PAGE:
Vol. 18, No. 9Oct. 29, 1998

Class demonstration uses Internet technology

Jean Futrell in the laboratory classroom

Jean Futrell, Willis F. Harrington Professor of Chemistry and Biochemistry, on Oct. 20 guided students in his "Introduction to Mass Spectrometry" course through a high-tech Internet demonstration believed to be the first of its kind.

Futrell's teaching space in Room 214 of Brown Laboratory was linked via the Internet with a research facility in Washington state-the William R. Wiley Environmental Molecular Sciences Laboratory (EMSL), which opened in November 1997 as the U.S. Department of Energy's newest Scientific User Facility.

Video cameras transmitted images in real-time and a telephone Soundstation link provided voice connections between EMSL scientists and the Delaware classroom, Futrell said. Using a computer-based control console, he said, UD students took operational control of and manipulated a chemical analysis instrument known as an "ion trap mass spectrometer," located in the Washington state facility. By working with the instrument through a remote-control mechanism, graduate and undergraduate students in Futrell's class were able to put their theoretical knowledge to the test.

In general, Futrell explained, mass spectrometers generate a "fingerprint" of different chemicals within a sample, by producing a graph that shows the spectrum of ions, or charged molecular fragments, based on their masses and relative abundance.

A variety of different mass spectrometers are used in modern research facilities, Futrell noted, and "UD has one of the best equipped, most professionally staffed mass spectrometry programs in the nation." The program includes four faculty members and two doctoral-level professionals who supervise the use of some 20 mass spectrometers. But the University does not yet have an ion trap mass spectrometer.

Futrell, who directs UD's Cross Beam Research Lab within his department's Mass Spectrometry Division, said he began planning the real-time demonstration about four months ago. John Price, who directs the EMSL Collaboratory [Virtual Cooperating Laboratory experiment] effort, established a linkage through the Internet to a desktop PC in Futrell's research area about a month ago. EMSL's Ken Swanson wrote special software and worked with UD graduate student Sergei Rakov to enable the instrument in Washington to be controlled by a PC on UD's Newark campus. In turn, Rakov established the computer link into the classroom and projected the PC computer console on a screen for class participation in the project.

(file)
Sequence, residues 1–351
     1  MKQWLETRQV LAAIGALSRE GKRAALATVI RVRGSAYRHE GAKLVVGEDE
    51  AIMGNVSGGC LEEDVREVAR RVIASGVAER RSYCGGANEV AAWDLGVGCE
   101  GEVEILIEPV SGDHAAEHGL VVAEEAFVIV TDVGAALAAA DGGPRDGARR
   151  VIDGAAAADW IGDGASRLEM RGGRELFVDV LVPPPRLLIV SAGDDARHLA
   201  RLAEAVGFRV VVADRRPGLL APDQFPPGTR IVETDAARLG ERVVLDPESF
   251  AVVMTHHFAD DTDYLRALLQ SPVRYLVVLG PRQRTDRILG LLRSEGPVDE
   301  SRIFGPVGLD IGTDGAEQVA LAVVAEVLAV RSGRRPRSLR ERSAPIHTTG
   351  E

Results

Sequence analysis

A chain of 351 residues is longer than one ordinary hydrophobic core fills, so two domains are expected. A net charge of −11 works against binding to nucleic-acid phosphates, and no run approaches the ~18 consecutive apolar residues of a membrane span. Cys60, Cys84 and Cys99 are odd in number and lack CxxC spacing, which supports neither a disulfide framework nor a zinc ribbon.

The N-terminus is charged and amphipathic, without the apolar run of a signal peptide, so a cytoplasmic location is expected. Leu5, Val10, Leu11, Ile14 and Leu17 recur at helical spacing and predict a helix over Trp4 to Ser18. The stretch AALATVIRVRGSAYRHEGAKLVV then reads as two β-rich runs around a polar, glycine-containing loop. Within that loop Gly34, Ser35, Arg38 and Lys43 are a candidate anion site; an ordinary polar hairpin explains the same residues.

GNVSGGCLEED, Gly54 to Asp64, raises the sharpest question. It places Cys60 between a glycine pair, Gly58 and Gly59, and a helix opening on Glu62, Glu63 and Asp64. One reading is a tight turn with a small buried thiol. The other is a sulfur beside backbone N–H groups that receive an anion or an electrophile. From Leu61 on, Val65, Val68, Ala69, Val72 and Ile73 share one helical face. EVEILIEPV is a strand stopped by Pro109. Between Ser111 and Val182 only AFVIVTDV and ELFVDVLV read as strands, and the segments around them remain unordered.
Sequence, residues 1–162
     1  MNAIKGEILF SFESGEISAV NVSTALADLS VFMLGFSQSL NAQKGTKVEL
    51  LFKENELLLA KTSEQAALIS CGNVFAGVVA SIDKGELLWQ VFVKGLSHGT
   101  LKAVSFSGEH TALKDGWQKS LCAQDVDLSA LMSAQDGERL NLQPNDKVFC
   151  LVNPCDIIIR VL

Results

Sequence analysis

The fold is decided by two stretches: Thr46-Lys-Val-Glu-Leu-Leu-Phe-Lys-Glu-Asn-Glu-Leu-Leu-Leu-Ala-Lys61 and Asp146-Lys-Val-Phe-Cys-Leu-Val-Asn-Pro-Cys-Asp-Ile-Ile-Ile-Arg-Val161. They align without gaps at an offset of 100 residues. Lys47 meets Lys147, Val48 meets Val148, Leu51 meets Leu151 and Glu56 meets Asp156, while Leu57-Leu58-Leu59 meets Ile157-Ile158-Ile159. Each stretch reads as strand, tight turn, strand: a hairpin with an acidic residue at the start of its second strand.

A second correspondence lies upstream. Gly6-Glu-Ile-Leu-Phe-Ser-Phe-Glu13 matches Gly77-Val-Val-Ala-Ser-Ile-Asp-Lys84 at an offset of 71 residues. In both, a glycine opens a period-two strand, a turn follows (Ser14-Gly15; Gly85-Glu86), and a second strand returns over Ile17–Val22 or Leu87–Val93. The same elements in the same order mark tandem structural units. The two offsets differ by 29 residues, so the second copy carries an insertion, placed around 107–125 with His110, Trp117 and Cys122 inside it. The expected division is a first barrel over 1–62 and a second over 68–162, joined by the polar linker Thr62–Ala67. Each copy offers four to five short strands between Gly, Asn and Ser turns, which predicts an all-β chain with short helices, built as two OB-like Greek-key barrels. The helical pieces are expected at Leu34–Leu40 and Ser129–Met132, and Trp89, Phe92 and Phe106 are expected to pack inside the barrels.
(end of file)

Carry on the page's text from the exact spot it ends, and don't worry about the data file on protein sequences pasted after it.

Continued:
"We believe this was the first live, coast-to-coast, Internet demonstration of this technique," Futrell said. "It provided our students with an opportunity to gain hands-on experience with an important laboratory instrument. For about an hour, it transformed a classroom into a virtual laboratory where our students could carry out real experiments. It also broadened their horizons, by giving them a chance to collaborate directly with researchers at another institution. It is my prediction that this technique- collaborating with scientists at remote locations throughout the world, including sharing of instruments, ideas and capabilities-will become commonplace in the next century"

Five minutes into the scheduled lecture, UD students were introduced by telephone and television cameras to the two EMSL scientists in Washington state. Price led them on a video-camera tour of the mass spectrometry laboratory and he offered a brief introduction to the ion trap instrument, which included computer simulations, demonstrating its operating principles. Control of the instrument was then turned over to Rakov, who remotely manipulated the controls and carried out the first demonstration experiment. Undergraduate student Joe Fox then responded to Futrell's call for volunteers and took over the computer console for the next half hour, carrying out experiments suggested by his classmates.

The Introduction to Mass Spectrometry course was "organized around an experimental training program, sponsored by the National Science Foundation (NSF) and by the DuPont Co., which provides fellowships to competitively selected students who will plan to work in the field," Futrell said. The three-credit-hour lecture course is "open to all qualified students," he noted. The NSF-sponsored graduate students also participate in an eight-hour laboratory practice series, coupled to the lecture course.

-Ginger Pinholster
Photo by Jack Buxbaum